IT: Hot Trends For 2016, Part 2
In the next 12 months we'll see a continued influx of data from
myriad sources flooding into healthcare organizations and
medical research institutes. Much of it will be siloed, and concerns about security and
meeting regulatory requirements could hamper how much progress is made. Still,
healthcare IT leaders and others in the industry are optimistic about what lies
ahead -- and how healthcare will improve as a result.
[ In part one of this two-part
series, we explored the ways in which advances in patient-focused data
collection, wearables, and the Internet of Things will change how doctors and
patients communicate. Read Healthcare IT: Hot Trends For
2016, Part 1. ]
"The US averaged 1 billion physician
office visits in 2010, with over 332 visits per 100 persons.
The most frequent illness reported was a cough. How do we make doctors' office
visits more beneficial to the patient, while allowing doctors the ability to
spend time with patients who need it most? The mining and sharing of big
data," said Cedars-Sinai CIO Darren Dworkin.
Mark Goldstein, president of the International
Research Center (IRC), is looking forward to more and better
data. For instance, Goldstein is excited by personalized or precision medicine.
"The intersection of low-cost genomic and proteomic sequencing for
patients, combined with molecular-level cancer and other disease diagnostics,
run through high performance computing centers, can be compared with big data
aggregated from past patient characteristics, disease specifics, treatment
protocols, and outcomes to allow much greater treatment design and
success," he said.
Among the projects underway,
Goldstein cited Dr. Patrick Soon-Shiong'sInstitute for Advanced Health and
a startup, Systems Imagination. Another complementary
trend, according to Goldstein, is AI applied to medical diagnostics. IBM's Watson has
been demonstrated for such uses. "It's not just for playing
Jeopardy," said Goldstein.
[Healthcare is one of them. Read 11 Cool Ways to Use Machine
Big data is a challenge for any
enterprise -- especially in figuring out how to handle it. "In 2016, the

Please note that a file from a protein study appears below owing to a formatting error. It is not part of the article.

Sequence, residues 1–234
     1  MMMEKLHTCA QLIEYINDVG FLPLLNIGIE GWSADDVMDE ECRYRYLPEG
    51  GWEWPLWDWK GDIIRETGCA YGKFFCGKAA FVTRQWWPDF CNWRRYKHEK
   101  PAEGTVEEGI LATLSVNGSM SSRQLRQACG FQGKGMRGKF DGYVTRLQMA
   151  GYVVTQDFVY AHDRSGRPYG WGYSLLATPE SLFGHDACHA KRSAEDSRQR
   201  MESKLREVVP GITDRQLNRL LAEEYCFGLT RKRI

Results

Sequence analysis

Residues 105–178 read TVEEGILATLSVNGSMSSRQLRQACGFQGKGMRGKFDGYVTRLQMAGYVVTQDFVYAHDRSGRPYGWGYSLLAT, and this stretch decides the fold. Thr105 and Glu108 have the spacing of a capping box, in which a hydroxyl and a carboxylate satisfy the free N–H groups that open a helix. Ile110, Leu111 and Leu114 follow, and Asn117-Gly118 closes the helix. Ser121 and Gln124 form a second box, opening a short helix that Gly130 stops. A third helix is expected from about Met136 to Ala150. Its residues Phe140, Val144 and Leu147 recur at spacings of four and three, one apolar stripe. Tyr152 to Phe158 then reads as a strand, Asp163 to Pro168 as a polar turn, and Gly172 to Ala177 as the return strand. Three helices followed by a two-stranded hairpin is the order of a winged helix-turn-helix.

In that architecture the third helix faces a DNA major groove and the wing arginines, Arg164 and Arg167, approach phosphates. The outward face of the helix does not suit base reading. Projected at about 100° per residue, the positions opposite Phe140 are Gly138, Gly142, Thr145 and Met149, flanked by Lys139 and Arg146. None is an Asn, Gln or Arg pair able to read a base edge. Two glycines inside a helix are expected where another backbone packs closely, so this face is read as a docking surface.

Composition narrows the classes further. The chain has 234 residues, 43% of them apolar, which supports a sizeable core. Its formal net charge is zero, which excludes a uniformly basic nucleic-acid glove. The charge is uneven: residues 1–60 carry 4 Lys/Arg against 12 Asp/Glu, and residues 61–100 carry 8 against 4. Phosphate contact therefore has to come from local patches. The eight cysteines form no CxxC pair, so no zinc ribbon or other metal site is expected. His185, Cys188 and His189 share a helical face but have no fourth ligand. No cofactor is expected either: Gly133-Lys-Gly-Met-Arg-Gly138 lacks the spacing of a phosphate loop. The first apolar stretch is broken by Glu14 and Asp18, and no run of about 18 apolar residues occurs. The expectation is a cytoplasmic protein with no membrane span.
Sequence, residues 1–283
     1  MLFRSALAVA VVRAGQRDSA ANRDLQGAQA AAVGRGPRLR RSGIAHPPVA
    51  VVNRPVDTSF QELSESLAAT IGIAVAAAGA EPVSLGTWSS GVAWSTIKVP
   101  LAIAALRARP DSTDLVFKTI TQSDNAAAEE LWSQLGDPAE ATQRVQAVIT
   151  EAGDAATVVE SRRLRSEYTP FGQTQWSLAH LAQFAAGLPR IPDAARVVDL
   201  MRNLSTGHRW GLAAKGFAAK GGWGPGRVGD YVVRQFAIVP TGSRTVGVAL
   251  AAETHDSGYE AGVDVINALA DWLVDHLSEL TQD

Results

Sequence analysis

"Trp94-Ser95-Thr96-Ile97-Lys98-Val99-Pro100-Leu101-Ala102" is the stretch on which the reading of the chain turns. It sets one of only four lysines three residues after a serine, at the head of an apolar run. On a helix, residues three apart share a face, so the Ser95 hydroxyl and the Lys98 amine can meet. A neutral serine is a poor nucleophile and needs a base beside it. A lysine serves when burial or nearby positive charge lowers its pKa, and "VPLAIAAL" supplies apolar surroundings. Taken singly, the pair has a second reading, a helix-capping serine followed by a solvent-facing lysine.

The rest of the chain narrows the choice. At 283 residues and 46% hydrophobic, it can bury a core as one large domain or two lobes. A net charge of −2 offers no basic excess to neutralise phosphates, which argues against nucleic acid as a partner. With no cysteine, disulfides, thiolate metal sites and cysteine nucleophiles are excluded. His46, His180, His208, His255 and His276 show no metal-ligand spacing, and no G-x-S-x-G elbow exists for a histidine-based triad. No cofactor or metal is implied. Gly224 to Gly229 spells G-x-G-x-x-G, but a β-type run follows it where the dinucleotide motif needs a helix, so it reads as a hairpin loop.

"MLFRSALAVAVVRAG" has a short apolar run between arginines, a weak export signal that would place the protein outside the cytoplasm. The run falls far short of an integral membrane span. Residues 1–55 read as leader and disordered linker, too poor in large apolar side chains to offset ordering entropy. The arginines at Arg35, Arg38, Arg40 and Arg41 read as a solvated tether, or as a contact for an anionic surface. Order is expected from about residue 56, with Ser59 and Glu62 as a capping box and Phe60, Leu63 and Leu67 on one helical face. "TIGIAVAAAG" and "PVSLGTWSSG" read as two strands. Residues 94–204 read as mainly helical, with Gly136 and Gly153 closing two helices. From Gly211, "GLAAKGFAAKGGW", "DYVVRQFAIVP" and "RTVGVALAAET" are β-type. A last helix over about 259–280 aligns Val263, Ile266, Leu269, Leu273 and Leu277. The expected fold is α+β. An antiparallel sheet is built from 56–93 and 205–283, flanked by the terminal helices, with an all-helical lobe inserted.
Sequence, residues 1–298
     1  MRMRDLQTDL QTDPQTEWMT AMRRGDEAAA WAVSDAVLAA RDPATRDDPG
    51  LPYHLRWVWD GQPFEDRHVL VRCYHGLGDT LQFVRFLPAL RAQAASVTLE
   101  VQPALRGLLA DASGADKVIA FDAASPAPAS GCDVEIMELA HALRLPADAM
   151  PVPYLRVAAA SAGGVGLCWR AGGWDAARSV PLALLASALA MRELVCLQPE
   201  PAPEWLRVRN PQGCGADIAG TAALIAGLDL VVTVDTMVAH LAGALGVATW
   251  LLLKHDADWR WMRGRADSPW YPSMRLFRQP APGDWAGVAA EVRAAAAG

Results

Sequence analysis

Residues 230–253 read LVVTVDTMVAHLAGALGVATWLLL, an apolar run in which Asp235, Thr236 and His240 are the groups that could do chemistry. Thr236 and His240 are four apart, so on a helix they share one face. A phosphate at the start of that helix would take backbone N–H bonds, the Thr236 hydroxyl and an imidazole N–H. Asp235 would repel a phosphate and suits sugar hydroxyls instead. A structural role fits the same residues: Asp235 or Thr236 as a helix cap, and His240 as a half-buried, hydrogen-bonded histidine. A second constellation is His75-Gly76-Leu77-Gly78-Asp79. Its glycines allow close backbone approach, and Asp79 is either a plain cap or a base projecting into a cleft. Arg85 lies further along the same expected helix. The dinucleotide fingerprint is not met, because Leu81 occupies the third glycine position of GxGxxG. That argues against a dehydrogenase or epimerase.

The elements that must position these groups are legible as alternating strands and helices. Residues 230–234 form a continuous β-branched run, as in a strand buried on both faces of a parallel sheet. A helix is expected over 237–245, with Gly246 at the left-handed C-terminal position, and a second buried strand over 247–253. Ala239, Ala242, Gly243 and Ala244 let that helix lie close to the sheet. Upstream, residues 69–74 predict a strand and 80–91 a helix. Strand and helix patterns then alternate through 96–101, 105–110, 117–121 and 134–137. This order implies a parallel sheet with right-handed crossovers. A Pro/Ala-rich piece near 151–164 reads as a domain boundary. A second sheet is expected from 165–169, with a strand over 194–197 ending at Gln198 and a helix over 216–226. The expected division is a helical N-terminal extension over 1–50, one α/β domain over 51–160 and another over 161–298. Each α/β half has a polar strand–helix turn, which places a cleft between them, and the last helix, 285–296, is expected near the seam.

challenge for healthcare enterprises will be how to make sense of the data, as
well as how to develop the infrastructure needed so they can continue to scale
up," said PerfectServe's CEO, Terry Edwards. For
example, Edwards said he expects more use of relationship algorithms that
formulate inferences, allowing decisions to be made in real-time.
there's more than a single (large) dataset to be protected, integrated with
other systems, and monitored. Medical data comes from every type of medical
record, each of which is governed by a host of individual characteristics and
regulations. There's also a dizzying array of vendors vying to provide software
and services to manage medical records.
"There is a tremendous amount
of data that's being generated by monitoring technology that needs to be part
of the patient record. This data needs to be viewed across the entire continuum
of patient care," said Janet Dillione, CEO of Bernoulli, one of those many vendors (this
one with attention on clinical alarm management). Your takeaway: That's a lot
of oversight for any IT department. How can anyone do it well?
all that data is pushing healthcare IT into the cloud in 2016. "Healthcare
has, perhaps rightly so, been late to embrace the cloud, when compared to other
industries," said Dr. Rasu Shrestha, chief innovation officer at the
University of Pittsburgh Medical Center. "But cloud computing has matured
today to bring healthcare into the 21st century." Shrestha predicted cloud
computing will enable healthcare organizations to reduce waste, decrease
delays, and improve care collaboration and outcomes.
Wright, CTO of Sutter Health, agreed. "Healthcare organizations have two
primary issues forcing the use of cloud resources," he said.
"Healthcare entities can no longer afford to build and maintain the type
of compute and storage that is necessary in the new digital healthcare world.
The volume and velocity of the data that is currently available in healthcare,
while great, is nothing compared to what's coming. That surge of current and
coming data can only be handled in the cloud, with the elastic compute and
storage that's available there."
Austin Radiological Association (ARA) shares the storage and scalability
concern, storing the vast majority of central Texas's imaging studies. "We
add more than 900,000 radiological exams annually to our archive, and, as of
2014, had 450TB of images under management," said CIO, R. Todd Thomas.
"But our growth is not static. In mammography, one of many types of the
radiology exams we perform, images are moving from two-dimensional to
three-dimensional images, which are 20 times larger than their two-dimensional
counterpart. If ARA continued with a traditional, on-premises storage refresh
cycle, in 2018, we would face a 555TB migration in mammography images alone,
and by 2022 would need to migrate a petabyte of mammography images. By 2024, we
are projecting to ingest 3PB annually on mammography alone. I simply can't do a
traditional storage migration on that scale."
That makes interoperability
essential. Healthcare IT departments need to work to defragment data.
"Healthcare is plagued with siloed data repositories owned by parties who
have little to no incentive to make their data interoperable," said Sean
Mehra, head of product for HealthTap. "A